Brandon Benevento: Back at the DuPont Plaza Hotel (essay)

Back at the DuPont Plaza Hotel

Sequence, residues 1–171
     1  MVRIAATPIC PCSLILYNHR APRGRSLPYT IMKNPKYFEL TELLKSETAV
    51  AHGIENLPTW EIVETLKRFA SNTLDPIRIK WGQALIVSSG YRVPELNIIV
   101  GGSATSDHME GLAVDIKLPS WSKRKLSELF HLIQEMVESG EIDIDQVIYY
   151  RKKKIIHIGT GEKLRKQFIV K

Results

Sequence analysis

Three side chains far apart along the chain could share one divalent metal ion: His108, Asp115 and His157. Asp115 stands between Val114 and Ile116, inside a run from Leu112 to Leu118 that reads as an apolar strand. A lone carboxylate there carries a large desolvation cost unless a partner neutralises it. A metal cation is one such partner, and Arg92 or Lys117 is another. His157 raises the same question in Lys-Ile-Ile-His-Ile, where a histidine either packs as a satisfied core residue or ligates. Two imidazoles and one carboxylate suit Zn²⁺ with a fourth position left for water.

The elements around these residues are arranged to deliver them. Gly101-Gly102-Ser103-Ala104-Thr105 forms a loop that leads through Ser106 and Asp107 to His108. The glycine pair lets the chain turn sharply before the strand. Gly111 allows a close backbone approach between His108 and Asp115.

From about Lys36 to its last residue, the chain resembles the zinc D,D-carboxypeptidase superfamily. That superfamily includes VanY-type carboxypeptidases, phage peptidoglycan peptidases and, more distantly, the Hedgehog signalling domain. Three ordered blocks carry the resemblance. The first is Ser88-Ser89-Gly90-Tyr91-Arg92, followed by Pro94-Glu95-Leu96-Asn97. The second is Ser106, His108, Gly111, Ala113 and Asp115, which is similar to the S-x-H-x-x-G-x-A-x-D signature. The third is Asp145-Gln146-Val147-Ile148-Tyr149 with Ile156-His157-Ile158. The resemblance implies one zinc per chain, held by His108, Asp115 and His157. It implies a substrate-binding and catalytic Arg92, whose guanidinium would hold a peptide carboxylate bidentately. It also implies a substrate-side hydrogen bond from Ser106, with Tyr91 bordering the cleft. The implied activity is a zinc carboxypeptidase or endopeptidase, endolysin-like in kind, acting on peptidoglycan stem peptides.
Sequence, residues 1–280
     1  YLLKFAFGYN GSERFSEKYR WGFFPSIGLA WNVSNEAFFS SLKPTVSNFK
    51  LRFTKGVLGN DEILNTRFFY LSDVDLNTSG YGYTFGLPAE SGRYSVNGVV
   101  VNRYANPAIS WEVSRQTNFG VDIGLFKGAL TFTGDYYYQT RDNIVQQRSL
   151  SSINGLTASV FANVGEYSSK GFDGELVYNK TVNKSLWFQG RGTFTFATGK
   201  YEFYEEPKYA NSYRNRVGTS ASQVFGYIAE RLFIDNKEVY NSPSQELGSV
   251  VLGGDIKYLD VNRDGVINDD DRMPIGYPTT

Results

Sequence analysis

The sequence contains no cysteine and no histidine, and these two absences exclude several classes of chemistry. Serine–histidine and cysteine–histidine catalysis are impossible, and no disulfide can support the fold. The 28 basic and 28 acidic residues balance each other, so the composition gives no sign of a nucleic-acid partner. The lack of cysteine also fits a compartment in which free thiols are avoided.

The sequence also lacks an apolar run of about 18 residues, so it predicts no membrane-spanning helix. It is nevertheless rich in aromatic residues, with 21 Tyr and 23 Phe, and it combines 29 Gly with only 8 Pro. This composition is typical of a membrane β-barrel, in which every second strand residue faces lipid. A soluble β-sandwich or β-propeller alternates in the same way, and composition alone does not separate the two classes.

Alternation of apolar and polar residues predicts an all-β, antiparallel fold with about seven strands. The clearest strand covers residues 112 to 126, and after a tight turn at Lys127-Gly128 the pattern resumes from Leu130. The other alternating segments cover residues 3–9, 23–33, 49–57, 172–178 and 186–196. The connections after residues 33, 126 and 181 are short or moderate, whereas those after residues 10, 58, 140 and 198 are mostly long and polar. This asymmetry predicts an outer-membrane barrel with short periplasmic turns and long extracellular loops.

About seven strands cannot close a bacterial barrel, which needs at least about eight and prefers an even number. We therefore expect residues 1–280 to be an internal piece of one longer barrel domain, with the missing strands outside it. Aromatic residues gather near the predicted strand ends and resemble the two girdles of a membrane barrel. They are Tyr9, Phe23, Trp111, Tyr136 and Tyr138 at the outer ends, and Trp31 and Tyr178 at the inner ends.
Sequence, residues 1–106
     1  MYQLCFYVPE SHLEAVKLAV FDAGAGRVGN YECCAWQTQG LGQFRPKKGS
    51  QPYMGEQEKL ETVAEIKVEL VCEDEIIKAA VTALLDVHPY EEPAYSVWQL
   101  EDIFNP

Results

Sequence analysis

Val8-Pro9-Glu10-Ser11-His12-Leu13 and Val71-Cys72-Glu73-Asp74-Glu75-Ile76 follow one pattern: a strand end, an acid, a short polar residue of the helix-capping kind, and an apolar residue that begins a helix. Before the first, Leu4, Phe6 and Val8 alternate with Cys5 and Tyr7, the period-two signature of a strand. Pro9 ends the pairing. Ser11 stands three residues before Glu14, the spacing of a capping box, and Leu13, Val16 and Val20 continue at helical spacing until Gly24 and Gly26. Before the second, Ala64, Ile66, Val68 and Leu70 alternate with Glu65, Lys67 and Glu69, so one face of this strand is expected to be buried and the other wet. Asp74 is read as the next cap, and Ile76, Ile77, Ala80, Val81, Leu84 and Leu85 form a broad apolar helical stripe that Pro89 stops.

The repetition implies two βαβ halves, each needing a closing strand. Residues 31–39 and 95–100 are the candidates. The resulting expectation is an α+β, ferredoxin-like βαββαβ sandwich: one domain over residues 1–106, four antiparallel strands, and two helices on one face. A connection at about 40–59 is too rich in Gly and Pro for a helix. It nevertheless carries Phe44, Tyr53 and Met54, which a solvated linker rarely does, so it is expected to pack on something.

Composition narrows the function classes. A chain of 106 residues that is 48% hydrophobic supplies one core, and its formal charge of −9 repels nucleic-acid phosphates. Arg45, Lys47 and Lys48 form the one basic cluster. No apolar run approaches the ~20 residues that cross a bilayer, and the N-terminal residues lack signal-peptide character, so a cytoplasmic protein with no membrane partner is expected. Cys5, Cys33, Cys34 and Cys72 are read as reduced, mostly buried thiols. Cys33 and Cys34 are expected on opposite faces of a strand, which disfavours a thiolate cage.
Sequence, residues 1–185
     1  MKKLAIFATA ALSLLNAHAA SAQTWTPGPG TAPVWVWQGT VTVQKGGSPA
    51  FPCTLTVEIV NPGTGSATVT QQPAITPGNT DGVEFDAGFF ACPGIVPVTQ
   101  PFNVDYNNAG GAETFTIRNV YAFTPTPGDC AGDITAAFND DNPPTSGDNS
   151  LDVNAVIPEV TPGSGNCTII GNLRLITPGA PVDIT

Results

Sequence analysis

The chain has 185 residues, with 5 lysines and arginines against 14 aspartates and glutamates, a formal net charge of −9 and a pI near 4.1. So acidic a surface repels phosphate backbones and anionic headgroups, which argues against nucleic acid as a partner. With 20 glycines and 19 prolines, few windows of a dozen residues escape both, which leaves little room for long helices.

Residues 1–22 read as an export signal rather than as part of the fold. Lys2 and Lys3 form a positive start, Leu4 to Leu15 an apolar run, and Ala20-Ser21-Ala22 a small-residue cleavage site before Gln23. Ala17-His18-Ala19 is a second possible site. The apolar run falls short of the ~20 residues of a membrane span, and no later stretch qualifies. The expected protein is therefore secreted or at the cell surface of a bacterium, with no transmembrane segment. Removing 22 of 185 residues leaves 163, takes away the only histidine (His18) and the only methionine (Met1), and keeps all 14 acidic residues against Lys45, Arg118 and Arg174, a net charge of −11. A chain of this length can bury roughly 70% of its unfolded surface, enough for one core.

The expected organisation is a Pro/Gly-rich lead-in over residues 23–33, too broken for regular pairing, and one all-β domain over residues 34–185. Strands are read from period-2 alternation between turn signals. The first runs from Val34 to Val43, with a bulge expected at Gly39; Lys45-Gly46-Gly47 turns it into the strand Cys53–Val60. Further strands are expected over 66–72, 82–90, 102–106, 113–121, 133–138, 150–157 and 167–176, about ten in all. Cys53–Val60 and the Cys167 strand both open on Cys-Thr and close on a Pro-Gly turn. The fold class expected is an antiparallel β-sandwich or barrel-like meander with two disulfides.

The hotel looms. Over the beach, it hangs brute uniformity over tourists and staff, people playing volleyball, lounging on chaise, bringing drinks, raising umbrellas, calling to children in the water, and here I sit picturing my mother on this same spot of sand picturing her children burning— have they got in an elevator? she has told me she was thinking, have they passed out from smoke? And the hotel is literally on the beach, like sprung from the sand, sand right up against it. How can these things not lean like Pisa after so much time? Twenty-one stories—no, there’s no thirteen, so twenty—and I count and it’s just tall enough for that disorienting thing where you lose count somehow even though you’re looking straight on; twenty stories plus that pillbox sign-cum-A/C-unit thing on top which made landing helicopters so difficult, almost thirty years ago. This is when it looms from for me, though with what we know about memory, the refraction of this moment though VHS in the form of an episode of William Shatner’s Rescue 911, plus my family’s retold stories, and newspaper clippings saved in a box marked FIRE, not to mention my way-too-many attempts to write about it (the best from first grade, when I drew myself behind the grid of the hotel, flames at the base, helicopters in the air, with a brief descriptive paragraph below)—all this seems active in the loom effect as well. But it’s the physical loom of this bulking box I’m struck by, lounging—a bit tensely, it turns out—under it on the beach. The Marriot, previously the DuPont Plaza, seems too big, while all the space around it feels sucked away, making everything tight and close and charged with energy, the insects in the air and voices against an inconsistent meter of surf.